I am not sure I understand the question, so I may be overly "elementary" here. If so, apologies.
The fresh air kit (or outside air kit) for the stove, pipes in air from outside directly into your stove. That does not really affect the room air quality either way as it's a (mostly) closed circuit from outside, to your stove, into the chimney to outside - unless your outside air is "dirty" in which case avoiding having air leak in is a good idea (which might only be the case in wildfire season, where you live, I surmise). This is because the stove needs air to burn, and without an outside air kit, it's using room air. I.e. it's sucking air from your room, uses it to burn the wood, and dumps it into the chimney. All due to the draft, i.e. low pressure in the chimney. The implication is that new air has to leak into the room/home.
For tight homes, air leaking in is minimized, and that can lead to problems burning the stove (smoke roll out etc).
An outside air kit avoids this. That is its main goal. It is not meant to keep the air in the home at a higher quality level (other than indirectly by avoiding smoke roll out for too-tight homes).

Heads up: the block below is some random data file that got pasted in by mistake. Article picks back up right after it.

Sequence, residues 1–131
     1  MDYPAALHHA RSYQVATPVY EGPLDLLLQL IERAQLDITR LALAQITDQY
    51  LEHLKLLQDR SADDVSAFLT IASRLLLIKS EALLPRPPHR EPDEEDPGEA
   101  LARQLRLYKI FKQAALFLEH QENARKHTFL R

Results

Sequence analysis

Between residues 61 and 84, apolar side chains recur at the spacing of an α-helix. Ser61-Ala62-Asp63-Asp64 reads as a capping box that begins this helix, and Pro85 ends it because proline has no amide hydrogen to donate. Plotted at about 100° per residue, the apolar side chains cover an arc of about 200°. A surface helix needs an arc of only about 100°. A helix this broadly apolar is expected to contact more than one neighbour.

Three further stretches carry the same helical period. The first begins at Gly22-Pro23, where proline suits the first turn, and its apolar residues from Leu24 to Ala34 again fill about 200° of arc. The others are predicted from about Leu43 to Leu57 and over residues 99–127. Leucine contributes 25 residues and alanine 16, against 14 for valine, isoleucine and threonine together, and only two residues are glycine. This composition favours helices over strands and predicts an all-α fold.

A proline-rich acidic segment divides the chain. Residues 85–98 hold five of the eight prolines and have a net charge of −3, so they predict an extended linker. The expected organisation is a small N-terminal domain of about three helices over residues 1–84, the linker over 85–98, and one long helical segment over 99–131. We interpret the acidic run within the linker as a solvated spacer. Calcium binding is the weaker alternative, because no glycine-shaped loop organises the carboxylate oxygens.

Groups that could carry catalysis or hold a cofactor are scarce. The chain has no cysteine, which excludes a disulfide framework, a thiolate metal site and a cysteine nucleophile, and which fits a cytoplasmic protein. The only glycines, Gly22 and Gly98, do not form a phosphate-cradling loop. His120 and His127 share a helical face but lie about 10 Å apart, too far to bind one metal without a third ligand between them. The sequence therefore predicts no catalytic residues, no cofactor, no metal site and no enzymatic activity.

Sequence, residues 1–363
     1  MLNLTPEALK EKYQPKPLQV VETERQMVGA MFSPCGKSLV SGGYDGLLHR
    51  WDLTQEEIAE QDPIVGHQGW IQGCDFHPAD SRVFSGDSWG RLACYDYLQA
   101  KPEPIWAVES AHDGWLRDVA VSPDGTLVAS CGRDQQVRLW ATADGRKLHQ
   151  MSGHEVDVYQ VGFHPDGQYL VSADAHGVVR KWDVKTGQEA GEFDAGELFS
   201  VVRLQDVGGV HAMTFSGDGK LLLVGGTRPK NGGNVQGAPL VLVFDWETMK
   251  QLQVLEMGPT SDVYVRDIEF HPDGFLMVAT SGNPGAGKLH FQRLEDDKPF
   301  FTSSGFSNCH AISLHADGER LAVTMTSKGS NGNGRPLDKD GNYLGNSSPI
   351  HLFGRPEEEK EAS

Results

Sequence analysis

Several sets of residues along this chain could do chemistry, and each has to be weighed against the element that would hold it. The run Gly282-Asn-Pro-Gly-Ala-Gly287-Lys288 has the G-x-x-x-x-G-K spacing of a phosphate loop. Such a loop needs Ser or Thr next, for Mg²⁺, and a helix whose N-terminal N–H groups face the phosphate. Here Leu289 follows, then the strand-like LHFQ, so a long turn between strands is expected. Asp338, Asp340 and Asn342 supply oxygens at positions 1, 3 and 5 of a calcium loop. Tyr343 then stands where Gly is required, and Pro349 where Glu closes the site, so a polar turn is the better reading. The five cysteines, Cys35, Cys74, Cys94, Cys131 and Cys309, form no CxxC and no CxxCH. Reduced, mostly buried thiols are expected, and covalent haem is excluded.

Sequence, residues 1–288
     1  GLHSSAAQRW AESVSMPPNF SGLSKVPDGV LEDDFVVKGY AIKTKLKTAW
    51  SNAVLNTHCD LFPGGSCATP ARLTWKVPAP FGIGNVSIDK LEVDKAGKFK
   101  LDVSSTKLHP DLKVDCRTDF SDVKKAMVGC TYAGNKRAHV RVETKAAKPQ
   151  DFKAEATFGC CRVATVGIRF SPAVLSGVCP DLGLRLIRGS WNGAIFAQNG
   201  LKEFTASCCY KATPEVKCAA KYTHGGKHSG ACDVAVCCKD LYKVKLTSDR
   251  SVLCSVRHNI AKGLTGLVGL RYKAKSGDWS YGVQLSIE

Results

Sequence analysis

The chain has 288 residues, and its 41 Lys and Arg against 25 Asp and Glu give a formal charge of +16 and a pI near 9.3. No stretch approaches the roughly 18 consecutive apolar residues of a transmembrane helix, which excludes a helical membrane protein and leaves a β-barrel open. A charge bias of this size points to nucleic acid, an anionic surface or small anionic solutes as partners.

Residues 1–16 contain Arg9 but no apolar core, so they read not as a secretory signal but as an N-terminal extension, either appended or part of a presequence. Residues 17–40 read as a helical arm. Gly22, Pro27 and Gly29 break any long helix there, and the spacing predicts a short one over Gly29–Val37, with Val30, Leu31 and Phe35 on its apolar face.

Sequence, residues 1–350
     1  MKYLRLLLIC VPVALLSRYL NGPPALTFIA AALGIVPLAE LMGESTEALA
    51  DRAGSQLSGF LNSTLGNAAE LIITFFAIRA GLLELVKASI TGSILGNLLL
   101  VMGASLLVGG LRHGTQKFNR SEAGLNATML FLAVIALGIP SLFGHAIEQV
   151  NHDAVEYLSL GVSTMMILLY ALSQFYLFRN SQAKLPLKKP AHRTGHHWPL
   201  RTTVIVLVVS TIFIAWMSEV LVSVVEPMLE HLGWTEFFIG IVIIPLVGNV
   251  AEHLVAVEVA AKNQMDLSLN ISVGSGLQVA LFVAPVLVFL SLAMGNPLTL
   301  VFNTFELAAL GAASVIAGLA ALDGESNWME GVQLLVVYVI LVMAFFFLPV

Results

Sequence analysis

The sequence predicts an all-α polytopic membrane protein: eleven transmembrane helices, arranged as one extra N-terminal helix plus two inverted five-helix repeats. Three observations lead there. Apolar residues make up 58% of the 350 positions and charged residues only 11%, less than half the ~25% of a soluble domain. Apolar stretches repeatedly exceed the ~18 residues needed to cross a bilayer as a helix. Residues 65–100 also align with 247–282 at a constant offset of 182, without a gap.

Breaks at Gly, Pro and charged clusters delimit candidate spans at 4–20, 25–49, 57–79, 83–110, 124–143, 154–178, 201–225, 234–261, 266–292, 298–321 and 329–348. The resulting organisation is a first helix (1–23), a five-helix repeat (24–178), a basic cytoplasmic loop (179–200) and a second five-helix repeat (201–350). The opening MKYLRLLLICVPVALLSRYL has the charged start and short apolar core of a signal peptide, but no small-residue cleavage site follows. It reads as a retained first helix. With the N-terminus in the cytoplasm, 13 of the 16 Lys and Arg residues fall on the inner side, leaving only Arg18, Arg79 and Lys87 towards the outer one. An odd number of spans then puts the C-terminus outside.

The HRV is meant to refresh air in the home, i.e. to keep the air quality in the home better, and will (should) not affect the stove burning negatively (in fact, the HRV will avoid negative pressures in the home/room, which might help avoid smoke roll-out issues).
So yes, if you install the stove, with or without the outside air kit, I would put the HRV in regardless if your home is tight: if you don't have the outside air kit, you need the make-up air leaking in thru the HRV. If you do have the outside air kit, you still want to maintain a fair air quality in the tight home.
And yes, if you have the opportunity to move the HRV to another room, e.g. kitchen, that would be a good idea, imo.